Saturday, October 18, 2014

HM10 BLE Module with Ibeacon

Upon learning that somebody has just posted a HM10 BLE module at olx.ph, I immediately contacted the seller and bought 1 for my testing. HM-10 is not only just a Bluetooth low energy(ble) module but can be used as ibeacon as well.

It is so easy to use and adding an arduino is very easy. I used the following circuit diagram and it just so happened that my arduino pro mini is a 3.3V 8mhz which is just perfect for the HM-10.


I also bought a small lipoly battery(580mah) just to do some experiments on how much time it will take before hm-10 can drain the battery.

Here are some pictures of my setup:




 

As usual, I could have never done the soldering part without the help of my cellphone technician friend.

During my testing, the battery with 1 hour of charging could last up to 1 day, that is just probably at 15% charging, so may take a week when fully charged.

I used the following sketch to test the HM-10 Module with arduino:
#include <SoftwareSerial.h> 
int bluetoothTx = 2;  // TX-O pin of bluetooth mate, Arduino D2
int bluetoothRx = 3;  // RX-I pin of bluetooth mate, Arduino D3
SoftwareSerial bluetooth(bluetoothTx, bluetoothRx);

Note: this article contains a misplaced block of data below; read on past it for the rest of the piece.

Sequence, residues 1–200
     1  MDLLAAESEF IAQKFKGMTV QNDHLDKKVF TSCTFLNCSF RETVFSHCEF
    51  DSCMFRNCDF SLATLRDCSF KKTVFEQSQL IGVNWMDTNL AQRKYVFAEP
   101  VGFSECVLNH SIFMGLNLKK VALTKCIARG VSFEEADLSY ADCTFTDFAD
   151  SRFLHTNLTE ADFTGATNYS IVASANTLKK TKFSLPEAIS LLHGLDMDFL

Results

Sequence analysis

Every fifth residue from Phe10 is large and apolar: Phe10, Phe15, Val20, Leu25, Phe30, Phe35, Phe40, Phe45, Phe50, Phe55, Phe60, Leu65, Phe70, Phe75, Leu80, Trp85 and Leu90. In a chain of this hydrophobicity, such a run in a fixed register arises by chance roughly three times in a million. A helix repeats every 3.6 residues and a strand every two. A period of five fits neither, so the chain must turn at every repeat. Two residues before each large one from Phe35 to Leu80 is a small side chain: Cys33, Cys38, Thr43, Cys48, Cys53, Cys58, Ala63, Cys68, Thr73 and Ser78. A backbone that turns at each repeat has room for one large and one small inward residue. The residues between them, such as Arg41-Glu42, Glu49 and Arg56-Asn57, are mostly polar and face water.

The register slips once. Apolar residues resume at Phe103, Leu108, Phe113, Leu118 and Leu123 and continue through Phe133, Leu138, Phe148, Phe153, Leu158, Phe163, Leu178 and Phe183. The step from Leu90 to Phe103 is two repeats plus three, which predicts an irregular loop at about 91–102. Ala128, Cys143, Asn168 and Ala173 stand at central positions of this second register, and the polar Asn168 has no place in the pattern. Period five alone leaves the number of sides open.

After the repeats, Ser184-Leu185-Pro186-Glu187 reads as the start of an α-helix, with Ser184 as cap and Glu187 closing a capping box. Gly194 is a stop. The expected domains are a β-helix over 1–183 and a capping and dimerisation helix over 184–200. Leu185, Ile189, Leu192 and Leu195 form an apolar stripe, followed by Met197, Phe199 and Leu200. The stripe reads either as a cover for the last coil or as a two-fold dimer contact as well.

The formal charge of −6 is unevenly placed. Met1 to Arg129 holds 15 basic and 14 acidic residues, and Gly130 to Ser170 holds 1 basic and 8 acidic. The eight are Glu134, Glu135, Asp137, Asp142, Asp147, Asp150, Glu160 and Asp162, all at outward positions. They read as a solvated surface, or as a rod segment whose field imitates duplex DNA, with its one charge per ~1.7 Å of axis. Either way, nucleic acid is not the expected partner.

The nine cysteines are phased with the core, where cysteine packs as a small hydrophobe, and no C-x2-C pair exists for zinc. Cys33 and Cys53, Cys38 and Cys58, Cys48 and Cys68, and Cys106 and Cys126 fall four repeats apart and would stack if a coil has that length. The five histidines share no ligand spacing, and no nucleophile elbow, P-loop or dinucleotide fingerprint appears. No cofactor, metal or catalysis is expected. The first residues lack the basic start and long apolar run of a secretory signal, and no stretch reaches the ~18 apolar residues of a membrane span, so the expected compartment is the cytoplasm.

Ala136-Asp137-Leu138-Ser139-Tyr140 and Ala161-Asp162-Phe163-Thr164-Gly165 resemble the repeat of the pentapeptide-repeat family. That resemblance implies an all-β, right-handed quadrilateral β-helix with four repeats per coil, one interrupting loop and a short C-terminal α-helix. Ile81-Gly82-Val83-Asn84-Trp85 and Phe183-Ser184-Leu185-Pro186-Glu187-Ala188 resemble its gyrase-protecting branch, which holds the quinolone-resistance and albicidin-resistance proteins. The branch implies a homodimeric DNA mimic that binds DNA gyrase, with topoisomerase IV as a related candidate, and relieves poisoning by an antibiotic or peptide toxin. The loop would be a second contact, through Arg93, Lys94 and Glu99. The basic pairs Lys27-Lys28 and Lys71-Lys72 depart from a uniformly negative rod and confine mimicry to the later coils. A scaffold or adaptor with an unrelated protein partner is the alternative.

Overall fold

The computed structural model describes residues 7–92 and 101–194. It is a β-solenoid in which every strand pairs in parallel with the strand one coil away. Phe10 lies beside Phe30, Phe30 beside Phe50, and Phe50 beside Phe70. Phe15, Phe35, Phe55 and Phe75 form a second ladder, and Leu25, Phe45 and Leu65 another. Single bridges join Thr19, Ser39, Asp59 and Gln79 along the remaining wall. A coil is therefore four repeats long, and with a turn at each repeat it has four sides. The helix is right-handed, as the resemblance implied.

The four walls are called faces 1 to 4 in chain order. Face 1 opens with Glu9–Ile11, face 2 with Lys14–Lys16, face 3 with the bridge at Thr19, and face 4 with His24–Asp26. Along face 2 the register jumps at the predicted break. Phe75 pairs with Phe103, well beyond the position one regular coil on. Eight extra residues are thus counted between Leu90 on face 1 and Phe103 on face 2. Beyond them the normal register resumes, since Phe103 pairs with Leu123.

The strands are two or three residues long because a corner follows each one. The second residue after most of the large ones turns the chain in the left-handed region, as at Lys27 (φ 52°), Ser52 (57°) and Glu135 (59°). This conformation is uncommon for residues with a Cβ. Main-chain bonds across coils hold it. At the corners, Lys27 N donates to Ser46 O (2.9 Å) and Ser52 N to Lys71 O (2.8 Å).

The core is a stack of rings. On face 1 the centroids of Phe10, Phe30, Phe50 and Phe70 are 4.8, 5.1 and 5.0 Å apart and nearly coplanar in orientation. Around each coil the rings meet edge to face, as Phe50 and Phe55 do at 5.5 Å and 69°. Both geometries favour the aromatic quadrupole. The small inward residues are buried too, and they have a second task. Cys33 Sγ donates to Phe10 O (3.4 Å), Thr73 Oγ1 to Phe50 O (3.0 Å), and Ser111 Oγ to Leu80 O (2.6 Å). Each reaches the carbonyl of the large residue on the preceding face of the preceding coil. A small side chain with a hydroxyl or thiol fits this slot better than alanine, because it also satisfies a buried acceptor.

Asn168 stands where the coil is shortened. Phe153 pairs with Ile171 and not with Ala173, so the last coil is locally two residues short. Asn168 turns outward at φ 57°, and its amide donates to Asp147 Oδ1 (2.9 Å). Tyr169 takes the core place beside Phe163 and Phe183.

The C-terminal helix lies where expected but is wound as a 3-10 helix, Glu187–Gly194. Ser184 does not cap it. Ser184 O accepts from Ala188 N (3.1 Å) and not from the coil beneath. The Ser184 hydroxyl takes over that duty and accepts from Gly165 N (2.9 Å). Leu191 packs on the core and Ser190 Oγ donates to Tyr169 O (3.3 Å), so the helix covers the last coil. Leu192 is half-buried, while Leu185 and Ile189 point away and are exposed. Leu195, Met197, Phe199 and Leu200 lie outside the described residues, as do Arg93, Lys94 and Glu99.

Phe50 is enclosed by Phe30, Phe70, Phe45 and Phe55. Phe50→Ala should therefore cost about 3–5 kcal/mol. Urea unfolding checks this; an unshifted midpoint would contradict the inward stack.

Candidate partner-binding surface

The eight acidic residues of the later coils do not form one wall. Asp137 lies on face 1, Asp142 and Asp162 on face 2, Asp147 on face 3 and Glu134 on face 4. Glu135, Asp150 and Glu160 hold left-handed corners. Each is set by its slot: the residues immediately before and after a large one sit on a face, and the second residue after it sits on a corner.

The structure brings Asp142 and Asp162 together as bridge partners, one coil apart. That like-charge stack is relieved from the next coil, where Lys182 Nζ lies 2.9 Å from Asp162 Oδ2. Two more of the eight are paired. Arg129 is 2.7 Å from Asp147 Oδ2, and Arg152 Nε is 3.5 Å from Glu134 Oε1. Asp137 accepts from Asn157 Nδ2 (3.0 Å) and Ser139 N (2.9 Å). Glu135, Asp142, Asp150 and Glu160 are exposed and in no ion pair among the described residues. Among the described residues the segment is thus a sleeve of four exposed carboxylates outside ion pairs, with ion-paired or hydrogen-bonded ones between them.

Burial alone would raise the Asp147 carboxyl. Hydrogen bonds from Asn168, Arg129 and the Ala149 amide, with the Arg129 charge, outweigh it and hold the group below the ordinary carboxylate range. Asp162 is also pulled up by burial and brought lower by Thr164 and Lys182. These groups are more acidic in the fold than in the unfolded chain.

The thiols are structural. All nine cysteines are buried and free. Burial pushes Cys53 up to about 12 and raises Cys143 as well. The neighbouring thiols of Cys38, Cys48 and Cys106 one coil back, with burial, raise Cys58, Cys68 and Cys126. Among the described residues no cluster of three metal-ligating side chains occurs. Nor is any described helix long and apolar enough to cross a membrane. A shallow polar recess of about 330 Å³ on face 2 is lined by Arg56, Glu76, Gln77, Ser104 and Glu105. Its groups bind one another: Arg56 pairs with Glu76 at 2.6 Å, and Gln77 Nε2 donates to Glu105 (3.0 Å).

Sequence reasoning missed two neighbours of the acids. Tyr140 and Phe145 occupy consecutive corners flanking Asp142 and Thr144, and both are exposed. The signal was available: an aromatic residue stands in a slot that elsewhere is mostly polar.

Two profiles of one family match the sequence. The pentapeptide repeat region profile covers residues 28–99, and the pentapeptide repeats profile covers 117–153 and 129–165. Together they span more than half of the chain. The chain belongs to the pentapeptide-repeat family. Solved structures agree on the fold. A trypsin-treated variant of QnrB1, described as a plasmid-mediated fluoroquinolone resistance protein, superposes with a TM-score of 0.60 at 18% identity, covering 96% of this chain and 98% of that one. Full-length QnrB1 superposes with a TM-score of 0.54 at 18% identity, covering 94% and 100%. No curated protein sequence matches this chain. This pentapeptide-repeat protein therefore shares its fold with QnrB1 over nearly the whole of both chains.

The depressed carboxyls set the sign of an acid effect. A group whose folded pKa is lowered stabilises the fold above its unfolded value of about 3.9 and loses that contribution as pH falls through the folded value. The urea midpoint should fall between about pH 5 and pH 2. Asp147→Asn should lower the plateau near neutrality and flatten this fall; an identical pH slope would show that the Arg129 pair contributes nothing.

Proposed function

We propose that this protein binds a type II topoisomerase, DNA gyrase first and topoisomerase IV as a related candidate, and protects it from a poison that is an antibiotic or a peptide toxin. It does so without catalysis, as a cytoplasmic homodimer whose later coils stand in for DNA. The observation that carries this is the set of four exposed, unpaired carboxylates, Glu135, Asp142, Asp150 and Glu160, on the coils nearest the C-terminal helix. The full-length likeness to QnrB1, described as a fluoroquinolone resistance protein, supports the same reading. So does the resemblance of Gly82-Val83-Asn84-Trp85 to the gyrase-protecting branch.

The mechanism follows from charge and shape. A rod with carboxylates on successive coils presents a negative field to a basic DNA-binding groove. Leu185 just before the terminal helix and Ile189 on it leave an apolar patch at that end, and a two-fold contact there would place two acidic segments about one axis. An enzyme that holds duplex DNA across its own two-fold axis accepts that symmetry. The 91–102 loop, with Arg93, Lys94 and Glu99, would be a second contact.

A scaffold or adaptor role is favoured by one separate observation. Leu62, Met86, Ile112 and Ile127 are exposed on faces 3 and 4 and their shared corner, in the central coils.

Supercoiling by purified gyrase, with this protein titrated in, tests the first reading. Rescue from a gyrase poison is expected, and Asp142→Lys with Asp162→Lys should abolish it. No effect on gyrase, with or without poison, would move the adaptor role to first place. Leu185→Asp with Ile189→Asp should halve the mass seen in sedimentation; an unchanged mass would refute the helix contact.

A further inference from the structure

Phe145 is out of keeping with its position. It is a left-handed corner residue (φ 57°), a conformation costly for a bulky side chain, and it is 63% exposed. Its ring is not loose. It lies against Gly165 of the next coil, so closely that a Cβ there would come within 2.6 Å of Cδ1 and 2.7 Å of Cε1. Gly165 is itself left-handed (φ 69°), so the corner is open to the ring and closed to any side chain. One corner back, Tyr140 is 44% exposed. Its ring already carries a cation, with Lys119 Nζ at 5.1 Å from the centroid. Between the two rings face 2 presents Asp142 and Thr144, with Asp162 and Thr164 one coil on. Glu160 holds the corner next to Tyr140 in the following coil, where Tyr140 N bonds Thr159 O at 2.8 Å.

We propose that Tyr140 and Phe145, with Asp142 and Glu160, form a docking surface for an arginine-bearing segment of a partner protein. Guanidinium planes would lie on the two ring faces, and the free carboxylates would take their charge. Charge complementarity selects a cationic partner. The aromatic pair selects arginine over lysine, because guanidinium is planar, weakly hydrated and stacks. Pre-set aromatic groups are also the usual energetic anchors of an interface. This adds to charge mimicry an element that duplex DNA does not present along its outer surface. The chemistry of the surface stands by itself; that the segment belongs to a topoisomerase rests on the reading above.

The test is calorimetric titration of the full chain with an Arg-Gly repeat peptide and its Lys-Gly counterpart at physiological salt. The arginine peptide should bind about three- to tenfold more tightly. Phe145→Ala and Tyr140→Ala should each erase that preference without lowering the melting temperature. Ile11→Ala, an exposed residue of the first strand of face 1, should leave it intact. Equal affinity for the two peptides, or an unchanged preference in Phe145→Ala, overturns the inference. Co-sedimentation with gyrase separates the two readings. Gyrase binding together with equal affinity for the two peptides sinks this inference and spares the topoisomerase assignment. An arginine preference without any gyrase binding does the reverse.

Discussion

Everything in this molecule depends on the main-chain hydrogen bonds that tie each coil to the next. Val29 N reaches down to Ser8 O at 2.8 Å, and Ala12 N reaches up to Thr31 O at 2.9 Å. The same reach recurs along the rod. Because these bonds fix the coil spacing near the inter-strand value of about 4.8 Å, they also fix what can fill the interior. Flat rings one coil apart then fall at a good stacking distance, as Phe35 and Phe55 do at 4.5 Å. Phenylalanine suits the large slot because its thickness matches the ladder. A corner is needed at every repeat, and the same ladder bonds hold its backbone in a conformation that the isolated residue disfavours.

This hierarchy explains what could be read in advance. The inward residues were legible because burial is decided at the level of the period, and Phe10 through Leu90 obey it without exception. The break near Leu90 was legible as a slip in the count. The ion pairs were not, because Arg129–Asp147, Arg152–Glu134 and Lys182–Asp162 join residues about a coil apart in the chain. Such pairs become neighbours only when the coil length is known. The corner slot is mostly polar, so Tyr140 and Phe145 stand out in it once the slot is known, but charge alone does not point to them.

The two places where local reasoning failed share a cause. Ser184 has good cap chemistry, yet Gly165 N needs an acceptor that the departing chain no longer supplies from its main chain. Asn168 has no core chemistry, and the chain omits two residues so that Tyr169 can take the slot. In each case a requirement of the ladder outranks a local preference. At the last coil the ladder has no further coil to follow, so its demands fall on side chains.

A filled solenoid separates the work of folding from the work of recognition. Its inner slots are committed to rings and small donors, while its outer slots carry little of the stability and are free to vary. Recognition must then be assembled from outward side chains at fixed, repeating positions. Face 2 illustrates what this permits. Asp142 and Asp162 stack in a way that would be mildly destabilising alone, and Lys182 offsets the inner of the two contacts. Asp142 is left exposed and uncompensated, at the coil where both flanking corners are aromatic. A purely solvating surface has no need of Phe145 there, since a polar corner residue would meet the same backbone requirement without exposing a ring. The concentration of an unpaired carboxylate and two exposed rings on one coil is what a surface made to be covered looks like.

void setup()
{
  Serial.begin(9600);  // Begin the serial monitor at 9600bps
  bluetooth.begin(115200);  // The Bluetooth Mate defaults to 115200bps
  delay(100);  // Short delay, wait for the Mate to send back CMD
  bluetooth.println("U,9600,N");  // Temporarily Change the baudrate to 9600, no parity
  // 115200 can be too fast at times for NewSoftSerial to relay the data reliably
  bluetooth.begin(9600);  // Start bluetooth serial at 9600
}
void loop()
{
  if(bluetooth.available())  // If the bluetooth sent any characters
  {
    // Send any characters the bluetooth prints to the serial monitor
    Serial.print((char)bluetooth.read()); 
  }
  if(Serial.available())  // If stuff was typed in the serial monitor
  {
    // Send any characters the Serial monitor prints to the bluetooth
    bluetooth.print((char)Serial.read());
  }
  // and loop forever and ever!
}

To test the sketch,  just open the serial monitor of the arduino IDE and type in "AT" at the text box then press the "send" button. If the HM-10 is connected properly, it will respond "OK". All AT commands are available at the datasheet which can be easily found on the internet.

I also tested the transmission range if it can reach 100meters, and here's the result on my android phone:

It was able to reach 125.5meters.

I am very satisfied with the results of my testing and this is really one of the best Ibeacons that is on sale at olx. But for some other purposes, like when you just need simple ibeacon apps that are short range these ibeacons can be very useful too:

1 comment:

  1. https://www.youtube.com/watch?v=a-e88G_YEsI

    ReplyDelete